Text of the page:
Acumen Fund CEO Jacqueline Novogratz has been visiting earthquake-affected areas of Pakistan, and documenting her travels in a journal. Excerpts of each day’s entry will be posted.
December 6 – Balakot
Balakot lies at the beginning of the Kaghan Valley. It was a major stop en route to the mountain areas known for tourism, with a resident population, including those in the valley around it, of around 40,000. On October 8, in a matter of minutes, the initial shock of the earthquake killed tens of thousands. It is estimated that in total, 75% of all residents ultimately were killed.
Seventy-five percent. Three out of four people. Thirty thousand people.
The city itself is a heap of dust and rubble spread over little hills and concentrated by the river, whose edge is littered with broken concrete – shards of what used to be small buildings.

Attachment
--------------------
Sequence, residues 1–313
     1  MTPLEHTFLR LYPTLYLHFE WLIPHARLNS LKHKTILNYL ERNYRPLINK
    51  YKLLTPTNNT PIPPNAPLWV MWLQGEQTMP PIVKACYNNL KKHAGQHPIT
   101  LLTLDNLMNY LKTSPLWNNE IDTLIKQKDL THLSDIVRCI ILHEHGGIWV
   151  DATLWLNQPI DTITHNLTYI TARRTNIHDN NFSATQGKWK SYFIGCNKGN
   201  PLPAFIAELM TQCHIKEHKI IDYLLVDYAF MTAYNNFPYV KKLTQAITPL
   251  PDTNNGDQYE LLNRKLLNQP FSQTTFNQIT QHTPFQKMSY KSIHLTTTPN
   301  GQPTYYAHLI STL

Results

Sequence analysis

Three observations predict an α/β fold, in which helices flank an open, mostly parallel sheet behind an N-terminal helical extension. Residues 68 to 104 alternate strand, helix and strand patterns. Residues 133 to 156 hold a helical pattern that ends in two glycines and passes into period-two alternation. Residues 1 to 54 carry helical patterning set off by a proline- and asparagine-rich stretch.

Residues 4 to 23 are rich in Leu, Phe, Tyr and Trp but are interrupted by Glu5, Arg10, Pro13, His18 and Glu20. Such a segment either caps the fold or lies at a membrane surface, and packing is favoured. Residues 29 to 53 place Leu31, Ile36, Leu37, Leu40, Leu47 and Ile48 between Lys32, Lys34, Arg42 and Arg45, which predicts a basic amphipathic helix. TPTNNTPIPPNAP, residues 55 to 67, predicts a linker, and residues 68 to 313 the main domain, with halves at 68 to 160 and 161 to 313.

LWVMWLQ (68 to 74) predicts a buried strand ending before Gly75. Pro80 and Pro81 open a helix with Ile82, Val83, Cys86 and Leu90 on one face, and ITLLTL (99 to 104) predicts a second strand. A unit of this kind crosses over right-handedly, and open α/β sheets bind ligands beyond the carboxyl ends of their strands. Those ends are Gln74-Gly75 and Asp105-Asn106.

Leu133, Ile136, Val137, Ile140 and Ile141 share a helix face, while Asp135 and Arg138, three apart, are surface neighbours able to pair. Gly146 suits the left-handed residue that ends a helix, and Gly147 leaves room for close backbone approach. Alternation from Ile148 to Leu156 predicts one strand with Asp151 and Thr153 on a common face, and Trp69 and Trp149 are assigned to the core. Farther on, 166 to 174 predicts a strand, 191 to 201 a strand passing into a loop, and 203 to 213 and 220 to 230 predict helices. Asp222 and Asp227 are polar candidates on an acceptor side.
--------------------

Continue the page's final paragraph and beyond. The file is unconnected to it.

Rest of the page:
For years after the World Trade Center towers fell, I remember looking into the sky expecting to see those great buildings in the skyline. It took some time to integrate into myself that the skyline had changed forever, that the buildings were no longer part of it. The residents of Balakot must imagine themselves seeing the gas station and the Fairy Tale Hotel, the school and their own houses a hundred times a day.
There is hardly anyone left in Balakot, but it must be one of Pakistan’s deepest wounds. Though it is undoubtedly a logistical nightmare, rebuilding Balakot could be a symbol of national healing, a true partnership between the government, which would rebuild infrastructure, and the private sector, which could not only help rebuild homes but also attract new people to come and breathe life into an economy no longer even on a respirator.